Malignant (cancerous) and benign tumors (noncancerous) around the cervical ganglia have also been linked to the development of Horner’s syndrome.

When to See a Doctor

You should see a doctor as soon as you notice signs. Horner’s syndrome may occur due to serious conditions, so you must get a prompt and accurate diagnosis.

Emergency care is needed if symptoms appear suddenly after a traumatic injury on the head or neck, or if the following signs accompany them:

  • Impaired eyesight
  • Dizziness
  • Muscle weakness
  • Sudden severe headache
  • Severe neck pain

How is Horner's Syndrome Diagnosed?

A doctor may initially assess for signs of Horner’s syndrome and check for possible causes. 

In addition, they may perform a series of tests to confirm a positive diagnosis and identify the site of nerve damage.

Physical Exam

Diagnosis begins with the doctor conducting a physical examination. They will check for visible signs and symptoms of the condition. 

A physical eye exam usually includes checking for the following:

  • Upper eyelid ptosis
  • Lower eyelid or “upside-down” ptosis
  • Pupil size (in dim and light conditions) and reaction time
  • Unusual eye movements
  • Visual field
  • Facial sensation
  • Microscopic examination of the pupils and iris

Patient History

Once the doctor confirms the presence of symptoms, they will review your medical history to see if they can trace its underlying causes. 

Obtaining a patient’s history will also help them identify where the lesions are located.

Test to Confirm Horner Syndrome

An ophthalmologist may use different eye drops to see how your pupils react. Pharmacologic tests can determine whether or not you have Horner’s syndrome and which type you have.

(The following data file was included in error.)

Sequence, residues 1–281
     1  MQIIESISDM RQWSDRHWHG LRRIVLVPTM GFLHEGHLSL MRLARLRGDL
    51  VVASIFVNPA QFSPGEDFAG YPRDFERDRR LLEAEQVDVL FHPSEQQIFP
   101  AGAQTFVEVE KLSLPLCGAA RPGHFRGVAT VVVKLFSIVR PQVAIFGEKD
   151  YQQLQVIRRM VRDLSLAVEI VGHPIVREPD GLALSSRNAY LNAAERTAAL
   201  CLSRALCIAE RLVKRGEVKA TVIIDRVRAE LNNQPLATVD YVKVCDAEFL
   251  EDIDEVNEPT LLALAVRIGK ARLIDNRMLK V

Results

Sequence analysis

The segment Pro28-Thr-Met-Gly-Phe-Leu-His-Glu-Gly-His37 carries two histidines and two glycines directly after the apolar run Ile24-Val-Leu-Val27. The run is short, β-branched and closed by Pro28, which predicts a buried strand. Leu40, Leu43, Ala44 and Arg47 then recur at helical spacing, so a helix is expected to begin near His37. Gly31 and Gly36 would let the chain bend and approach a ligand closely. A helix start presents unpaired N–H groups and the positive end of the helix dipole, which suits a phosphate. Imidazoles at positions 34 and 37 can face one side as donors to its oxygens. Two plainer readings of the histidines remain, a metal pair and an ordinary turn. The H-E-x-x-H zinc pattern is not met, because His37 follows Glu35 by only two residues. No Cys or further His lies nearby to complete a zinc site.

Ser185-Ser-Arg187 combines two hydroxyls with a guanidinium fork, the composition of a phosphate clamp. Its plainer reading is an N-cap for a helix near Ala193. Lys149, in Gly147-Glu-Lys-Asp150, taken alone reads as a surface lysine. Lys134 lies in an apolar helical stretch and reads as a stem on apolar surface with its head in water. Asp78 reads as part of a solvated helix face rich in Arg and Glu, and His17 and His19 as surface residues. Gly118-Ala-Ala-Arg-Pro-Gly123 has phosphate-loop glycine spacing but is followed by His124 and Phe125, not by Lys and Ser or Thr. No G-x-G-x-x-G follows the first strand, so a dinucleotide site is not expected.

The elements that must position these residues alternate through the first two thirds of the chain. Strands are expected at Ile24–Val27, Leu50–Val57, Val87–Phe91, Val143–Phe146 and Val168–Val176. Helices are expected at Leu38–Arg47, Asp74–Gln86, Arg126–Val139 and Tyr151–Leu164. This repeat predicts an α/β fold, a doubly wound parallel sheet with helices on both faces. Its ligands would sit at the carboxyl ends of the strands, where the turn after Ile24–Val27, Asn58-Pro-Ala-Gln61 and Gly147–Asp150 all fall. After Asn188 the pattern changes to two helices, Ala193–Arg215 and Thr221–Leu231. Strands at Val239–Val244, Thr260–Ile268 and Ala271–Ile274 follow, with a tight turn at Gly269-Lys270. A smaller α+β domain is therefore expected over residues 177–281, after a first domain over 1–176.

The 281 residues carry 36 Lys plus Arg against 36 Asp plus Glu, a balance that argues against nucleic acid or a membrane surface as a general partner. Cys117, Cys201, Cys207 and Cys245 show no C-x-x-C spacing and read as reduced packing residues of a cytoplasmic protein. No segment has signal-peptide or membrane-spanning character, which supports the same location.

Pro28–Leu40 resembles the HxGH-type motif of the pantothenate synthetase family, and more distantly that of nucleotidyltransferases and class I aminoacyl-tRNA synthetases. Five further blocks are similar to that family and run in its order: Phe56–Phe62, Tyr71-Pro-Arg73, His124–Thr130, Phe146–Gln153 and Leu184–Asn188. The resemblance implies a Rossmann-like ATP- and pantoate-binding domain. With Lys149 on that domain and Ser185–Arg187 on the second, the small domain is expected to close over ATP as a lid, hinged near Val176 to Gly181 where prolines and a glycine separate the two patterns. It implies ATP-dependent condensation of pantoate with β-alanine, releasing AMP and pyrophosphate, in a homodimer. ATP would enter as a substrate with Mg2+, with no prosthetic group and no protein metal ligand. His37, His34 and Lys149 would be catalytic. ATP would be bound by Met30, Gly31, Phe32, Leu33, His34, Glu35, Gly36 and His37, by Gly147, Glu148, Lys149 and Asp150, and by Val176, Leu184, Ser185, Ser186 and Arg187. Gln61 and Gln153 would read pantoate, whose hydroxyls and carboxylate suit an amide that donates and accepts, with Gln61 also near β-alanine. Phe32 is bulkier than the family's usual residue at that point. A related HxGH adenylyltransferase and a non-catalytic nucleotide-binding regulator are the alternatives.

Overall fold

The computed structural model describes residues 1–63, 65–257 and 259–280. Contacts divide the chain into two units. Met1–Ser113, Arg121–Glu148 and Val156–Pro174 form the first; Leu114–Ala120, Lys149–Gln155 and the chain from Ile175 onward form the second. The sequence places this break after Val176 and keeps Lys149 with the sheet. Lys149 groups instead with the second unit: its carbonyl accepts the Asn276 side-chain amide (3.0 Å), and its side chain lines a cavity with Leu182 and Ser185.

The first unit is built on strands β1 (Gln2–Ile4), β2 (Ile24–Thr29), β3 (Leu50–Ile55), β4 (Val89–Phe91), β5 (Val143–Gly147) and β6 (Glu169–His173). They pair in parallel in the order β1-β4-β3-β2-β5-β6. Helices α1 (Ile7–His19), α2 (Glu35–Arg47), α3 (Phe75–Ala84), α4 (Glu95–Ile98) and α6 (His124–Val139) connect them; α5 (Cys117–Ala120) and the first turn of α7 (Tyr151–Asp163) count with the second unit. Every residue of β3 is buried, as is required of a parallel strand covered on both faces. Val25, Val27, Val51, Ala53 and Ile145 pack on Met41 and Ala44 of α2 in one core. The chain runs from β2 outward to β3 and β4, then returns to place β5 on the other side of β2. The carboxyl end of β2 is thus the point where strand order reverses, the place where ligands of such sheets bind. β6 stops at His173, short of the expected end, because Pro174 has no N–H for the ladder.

Tests may include:

  • Topical apraclonidine test — 0.5% or 1% solution is applied to both eyes to confirm a Horner’s syndrome diagnosis. The affected side will respond with dilated pupils and elevation of the eyelid. Meanwhile, the healthy eye will not respond or experience mild miosis.
  • Topical cocaine test — 2 to 10% cocaine is applied to both eyes and checked after 30 minutes. If the affected eye doesn’t dilate as much as the healthy eye, it confirms a diagnosis of Horner’s syndrome.

Tests to Identify the Site of Nerve Damage

A doctor may request pharmacologic and imaging tests to identify which type of Horner’s syndrome a person has and whether it is caused by a tumor, lesion, or structural abnormality.

Tests may include:

  • Topical hydroxyamphetamine test — 1% solution is applied to both eyes to identify the location of nerve damage. If the affected eye dilates in the same size as the healthy eye, it means that the postganglionic nerves are intact and that a person has first order or second order Horner’s syndrome. However, if the affected side doesn’t dilate as much as the healthy eye, it suggests postganglionic nerve damage and a diagnosis of third order Horner’s syndrome.
  • Imaging tests — These tests include X-rays, ultrasound, magnetic resonance imaging (MRI), and computed tomography (CT scan). They usually check for the presence of tumors, lesions, and structural abnormalities. If there is a tumor, these tests can identify if it is cancerous or a benign tumor. Imaging of the neck is also ordered to rule out a carotid artery dissection, which can be life-threatening.

Treatment Options for Horner's Syndrome

According to the Genetic and Rare Diseases (GARD) Information Center, the treatment for Horner syndrome depends on the underlying cause. 

When appropriate, a doctor may recommend surgical interventions to alleviate conditions such as aneurysm, carotid artery dissection, and tumor growths.

What is the Recovery Rate/Outlook? 

The prognosis of Horner’s syndrome depends on the causative factors. While the condition itself won’t affect your eyesight or quality of life, there may be a severe and life-threatening condition causing it that requires immediate treatment.

Resources
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(1) “ Incidence of pediatric Horner syndrome and the risk of neuroblastoma: a population-based study.” Medscape.

(2) “ Bilateral Horner's syndrome: detection and occurrence.” National Center for Biotechnology Information.

(3) “ Horner's syndrome.” National Center for Advancing Translational Sciences.

(4) “ Congenital Horner Syndrome with Heterochromia Iridis Associated with Ipsilateral Internal Carotid Artery Hypoplasia.” National Center for Biotechnology Information.

(5) “ Enophthalmos Is Not Present in Horner Syndrome.” National Center for Biotechnology Information.

(6) “ Horner Syndrome.” National Center for Biotechnology Information.